The Chancellor warned this week, there will be no alignment with EU regulations following the exit from the European Union. "There will be no alignment, we will not be a rule taker, we will not be in the single market, we will not be in the customs union".
It was all going so well. The election result, produced a Boris Bounce in confidence among business and the markets.There was even talk of a "Brino" deal, Brexit in name only, trade secured with our biggest trading bloc.
During the referendum campaign it was Boris Johnson who asked the question about EU regulations. In a lorry park in the South East he asked, "Why should Brussels determine the dimensions of our lorries and containers?". It's a fair question but if they are to travel safely across Europe, it is best if UK drivers are able to pass over motorways and under bridges without a problem. Size is everything after all ...
For regulation, read standardization. Manufacturers like common standards on products and components in many markets. Common standards guarantee quality, generate lower unit costs, economies of scale and improve productivity. The Chancellor claimed the Treasury would not lend support to manufacturers favoring EU rules. That just does not make sense.
The Chancellor is out of step with industries including car manufacturing, chemicals, food and pharmaceuticals. Javid admitted, that some businesses may not benefit from Brexit.
"The UK economy would ultimately continue to thrive in the long term. Once we have this agreement in place with our European friends, we will continue to be one of the most successful economies on earth".
This week, the new boss of the IMF, Kristalina Georgieva, warned the global economy risks a return of a Great Depression comparable to the thirties. The benchmark for success may just be getting lower ... the Chancellor's trade stance will assist the process ...
Retail sales disappoint ...
One of the most successful economies in the world, had a disappointing end to the year. In the three months to the end of November, growth in the UK economy slowed to just 0.9% year on year. Manufacturing output fell by almost 2%.
Growth of 2.2% in the first quarter, slowed to 1.2% over the following six months. The economy is slowing. Retail sales are falling. In December retail volume growth year on year was just 1%. The value of sales increased by 1.5%.
Online sales increased by almost 6% accounting for 20% of all volume activity. Exclude food and the number rises to 30%. Almost one in three sales have now been lost from traditional retail to online trading.
Boohoo is one of the great beneficiaries. Sales jumped 44% in the four months before Christmas. The share price has risen over 70% in the last year. The business now has a higher market cap than M&S. The online platform has rescued Karen Millen and Coast, now in the stable along with Boohoo, Nasty Girl and Pretty Little Thing. M&S slipped out of the FTSE 100 last year, Moody's is warning off a credit rating adjustment to "junk". No change in retail trends any time soon ...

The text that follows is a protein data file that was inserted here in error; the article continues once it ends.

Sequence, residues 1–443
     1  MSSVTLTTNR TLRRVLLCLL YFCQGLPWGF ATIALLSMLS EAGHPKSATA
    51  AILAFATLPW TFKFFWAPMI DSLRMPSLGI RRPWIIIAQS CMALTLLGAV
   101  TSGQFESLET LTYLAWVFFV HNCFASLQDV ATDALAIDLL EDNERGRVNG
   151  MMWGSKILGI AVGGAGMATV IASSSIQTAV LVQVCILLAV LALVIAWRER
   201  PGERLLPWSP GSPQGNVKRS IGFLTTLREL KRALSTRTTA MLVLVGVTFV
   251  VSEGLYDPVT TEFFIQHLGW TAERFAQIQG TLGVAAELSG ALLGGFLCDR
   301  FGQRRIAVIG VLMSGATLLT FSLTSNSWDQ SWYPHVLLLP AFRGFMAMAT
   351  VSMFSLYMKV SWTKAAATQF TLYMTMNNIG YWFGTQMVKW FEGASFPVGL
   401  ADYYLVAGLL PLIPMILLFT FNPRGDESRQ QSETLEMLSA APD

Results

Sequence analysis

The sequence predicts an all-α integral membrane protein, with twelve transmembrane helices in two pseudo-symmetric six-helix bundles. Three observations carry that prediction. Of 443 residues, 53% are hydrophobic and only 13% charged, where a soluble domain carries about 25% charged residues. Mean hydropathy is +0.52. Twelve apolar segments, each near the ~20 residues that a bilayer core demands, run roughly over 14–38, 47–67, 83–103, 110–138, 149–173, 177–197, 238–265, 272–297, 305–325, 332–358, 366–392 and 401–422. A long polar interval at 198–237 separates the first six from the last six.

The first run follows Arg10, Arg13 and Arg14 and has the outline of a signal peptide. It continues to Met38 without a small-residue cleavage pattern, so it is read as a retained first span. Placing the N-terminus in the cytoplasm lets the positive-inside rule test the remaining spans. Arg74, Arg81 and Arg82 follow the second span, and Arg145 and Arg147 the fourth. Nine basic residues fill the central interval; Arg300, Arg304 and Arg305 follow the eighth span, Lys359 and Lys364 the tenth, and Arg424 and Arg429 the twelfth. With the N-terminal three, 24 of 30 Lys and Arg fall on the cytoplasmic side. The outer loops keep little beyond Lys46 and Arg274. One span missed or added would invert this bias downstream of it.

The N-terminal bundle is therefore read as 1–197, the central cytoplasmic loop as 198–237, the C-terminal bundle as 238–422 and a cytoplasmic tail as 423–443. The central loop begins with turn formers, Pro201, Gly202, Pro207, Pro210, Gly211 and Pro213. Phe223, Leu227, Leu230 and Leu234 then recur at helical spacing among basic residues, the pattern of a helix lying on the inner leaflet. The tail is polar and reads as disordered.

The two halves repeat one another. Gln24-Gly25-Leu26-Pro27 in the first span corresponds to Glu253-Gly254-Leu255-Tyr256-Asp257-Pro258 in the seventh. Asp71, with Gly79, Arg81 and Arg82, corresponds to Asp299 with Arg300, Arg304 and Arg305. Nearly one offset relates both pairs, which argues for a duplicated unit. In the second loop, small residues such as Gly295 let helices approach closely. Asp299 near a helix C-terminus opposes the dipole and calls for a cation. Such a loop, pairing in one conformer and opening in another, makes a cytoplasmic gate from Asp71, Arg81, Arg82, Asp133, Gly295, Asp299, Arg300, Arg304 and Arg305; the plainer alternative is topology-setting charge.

Price pressure is easing in the economy. Retail prices CPI basis slowed to 1.3% in December from 1.5% prior month. Low oil prices, a stronger currency and a slowing economy led to lower prices in food, clothing and services.
Markets began to price in a rate cut at one stage last week. Michael Saunders, and MPC dove, suggested a rate cut may be necessary citing a slowing economy and subdued inflation. Let's hope not. What on earth could a 25 basis point cut achieve as we await the maiden budget from the "No Alignment Chancellor".
Google Joins the Trillion Dollar Cap Club ...
Google shares moved higher this week, joining the $Trillion dollar club along with Apple, Amazon and Microsoft. Together the four stocks account for almost 20% of the total market cap of the S&P 500.
U.S. markets moved higher as Trump signed the "phase one" trade deal with China. The "currency manipulator" tag was removed from Beijing before the signing. China committed to buy $200 billion of goods from Uncle Sam across four main sectors including manufacturing, energy, agriculture and services. Plans for further tariff increases have been cancelled, some tariffs have been cut. 25% charges on some $250 billion of goods remain in place. Trump is now free to turn his attention to Europe.
Whatever the merits of the trade war, it is clear U.S. manufacturing has not been the beneficiary. Latest data confirmed the manufacturing sector moved into recession last year. U.S. economic growth is slowing, the US deficit is set to hit $1 trillion dollars. The Treasury is issuing a twenty year bond, last seen in 1986, to assist with the huge funding process.
China reported growth of 6.1% in the past year, with a further 6% growth in prospect this year. Growth in the US slowed to 2.3% in 2019 , with growth of just 1.8% expected in the current year. So much for "Make America Great Again."
Next week sees the release of "A Very Stable Genius: Donald J Trump's Testing of America" "Taut and terrifying, it reads like a horror story" according to the New York Times. "It is as if the President, as patient zero, has bitten an aide and slowly bite by bite an entire nation lost its wits and compass."
"You're a bunch of dopes and babies" Trump launched a stunning tirade against his generals during a Pentagon briefing, the book reveals. Impeachment looms. This week the President beefed up his legal team to include two of the biggest celebrity lawyers of the 1990s. Some express surprise, the President just doesn't handle the whole thing himself ...
The Saturday Economist
John Ashcroft publishes the Saturday Economist. Join the mailing list for updates on the UK and World Economy.
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